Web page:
Henri Cartier-Bresson was born in 1908, in Chanteloupe, France, of prosperous middle-class parents. He owned a Box Brownie as a boy, using it for taking holiday snapshots, and later experimented with a 3 X 4 view camera. But he was also interested in painting and studied for two years in a Paris studio. This early training in art helped develop the subtle and sensitive eye for composition, which was one of his greatest assets as a photographer.
In 1931, at the age of 22, Cartier-Bresson spent a year as a hunter in the West African bush. Catching a case of backwater fever, he returned to France to convalesce. It was at this time, in Marseille, that he first truly discovered photography. He obtained a Leica and began snapping a few pictures with it. It was a pivotal experience. A new world, a new kind of seeing, spontaneous and unpredictable, opened up to him through the narrow rectangle of the 35 mm viewfinder. His imagination caught fire. He recalls how he excitedly “prowled the streets all day, feeling very strung-up and ready to pounce, determined to ‘trap’ life, to preserve life in the act of living.”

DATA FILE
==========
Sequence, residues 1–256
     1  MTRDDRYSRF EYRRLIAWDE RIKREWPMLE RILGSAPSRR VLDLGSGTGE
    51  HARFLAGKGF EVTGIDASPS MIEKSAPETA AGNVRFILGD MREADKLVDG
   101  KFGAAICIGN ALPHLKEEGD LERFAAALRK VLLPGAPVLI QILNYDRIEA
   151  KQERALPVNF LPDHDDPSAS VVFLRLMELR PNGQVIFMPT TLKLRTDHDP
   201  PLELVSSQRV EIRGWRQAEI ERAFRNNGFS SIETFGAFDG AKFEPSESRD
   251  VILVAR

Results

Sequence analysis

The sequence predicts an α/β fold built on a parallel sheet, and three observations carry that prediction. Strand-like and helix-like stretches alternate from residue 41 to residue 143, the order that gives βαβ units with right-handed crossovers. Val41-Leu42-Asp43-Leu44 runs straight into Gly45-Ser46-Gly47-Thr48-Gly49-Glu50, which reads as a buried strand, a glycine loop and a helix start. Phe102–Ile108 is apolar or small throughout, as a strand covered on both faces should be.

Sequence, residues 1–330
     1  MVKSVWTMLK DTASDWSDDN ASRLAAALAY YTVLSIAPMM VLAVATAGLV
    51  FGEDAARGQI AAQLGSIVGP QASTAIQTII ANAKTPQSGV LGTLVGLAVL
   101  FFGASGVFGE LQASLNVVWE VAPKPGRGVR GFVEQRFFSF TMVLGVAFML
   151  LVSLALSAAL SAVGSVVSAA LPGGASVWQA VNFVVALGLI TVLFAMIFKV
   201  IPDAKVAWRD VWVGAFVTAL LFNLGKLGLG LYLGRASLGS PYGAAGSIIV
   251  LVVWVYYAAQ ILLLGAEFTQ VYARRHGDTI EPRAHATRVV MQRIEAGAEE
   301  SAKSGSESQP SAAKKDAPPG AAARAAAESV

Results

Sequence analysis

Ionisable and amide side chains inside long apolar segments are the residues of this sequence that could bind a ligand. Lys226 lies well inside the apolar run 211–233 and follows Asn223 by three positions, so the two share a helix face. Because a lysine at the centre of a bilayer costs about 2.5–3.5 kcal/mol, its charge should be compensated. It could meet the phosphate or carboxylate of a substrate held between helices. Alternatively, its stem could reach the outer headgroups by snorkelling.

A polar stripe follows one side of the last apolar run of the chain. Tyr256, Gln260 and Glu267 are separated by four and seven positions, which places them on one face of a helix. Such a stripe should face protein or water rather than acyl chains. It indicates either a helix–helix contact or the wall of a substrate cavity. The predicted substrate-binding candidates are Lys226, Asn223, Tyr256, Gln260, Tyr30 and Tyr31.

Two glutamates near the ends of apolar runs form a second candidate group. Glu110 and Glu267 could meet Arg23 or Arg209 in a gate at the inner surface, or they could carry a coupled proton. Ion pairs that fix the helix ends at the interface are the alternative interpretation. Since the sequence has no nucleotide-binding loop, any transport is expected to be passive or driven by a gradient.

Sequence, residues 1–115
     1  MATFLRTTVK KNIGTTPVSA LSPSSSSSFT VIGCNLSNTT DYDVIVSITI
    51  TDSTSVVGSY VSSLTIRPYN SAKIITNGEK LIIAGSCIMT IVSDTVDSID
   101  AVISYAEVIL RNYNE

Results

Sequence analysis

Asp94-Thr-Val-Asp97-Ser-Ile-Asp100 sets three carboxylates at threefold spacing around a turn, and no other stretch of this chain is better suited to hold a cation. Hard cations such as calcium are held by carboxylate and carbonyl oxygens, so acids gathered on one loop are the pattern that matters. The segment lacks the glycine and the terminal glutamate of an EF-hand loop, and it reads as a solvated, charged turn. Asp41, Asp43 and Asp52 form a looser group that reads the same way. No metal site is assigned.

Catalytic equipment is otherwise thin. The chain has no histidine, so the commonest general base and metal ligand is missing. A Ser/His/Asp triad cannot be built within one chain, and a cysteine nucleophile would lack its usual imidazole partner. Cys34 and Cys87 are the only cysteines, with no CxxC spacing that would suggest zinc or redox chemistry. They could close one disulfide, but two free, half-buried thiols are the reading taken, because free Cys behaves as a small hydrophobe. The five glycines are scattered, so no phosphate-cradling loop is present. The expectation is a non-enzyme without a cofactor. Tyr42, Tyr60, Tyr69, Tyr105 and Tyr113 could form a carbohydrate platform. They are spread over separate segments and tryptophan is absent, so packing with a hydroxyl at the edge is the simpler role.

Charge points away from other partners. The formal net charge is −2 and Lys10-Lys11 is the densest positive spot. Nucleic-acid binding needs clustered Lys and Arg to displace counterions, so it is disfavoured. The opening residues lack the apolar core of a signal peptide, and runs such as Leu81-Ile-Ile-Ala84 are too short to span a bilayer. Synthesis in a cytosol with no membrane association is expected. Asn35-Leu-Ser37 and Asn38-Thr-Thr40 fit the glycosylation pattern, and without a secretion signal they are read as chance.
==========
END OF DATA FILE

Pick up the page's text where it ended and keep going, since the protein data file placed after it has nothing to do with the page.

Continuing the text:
Thus began one of the most fruitful collaborations between man and machine in the history of photography. He remained devoted to the 35 mm camera throughout his career. The speed, mobility, the large number of exposures per loading, and, above all, the unobtrusiveness of the little camera perfectly fitted his shy, quicksilver personality. Before long he was handling its controls as automatically as an expert racing driver shifts gears. The camera itself, in his own famous phrase, became an “extension of the eye”.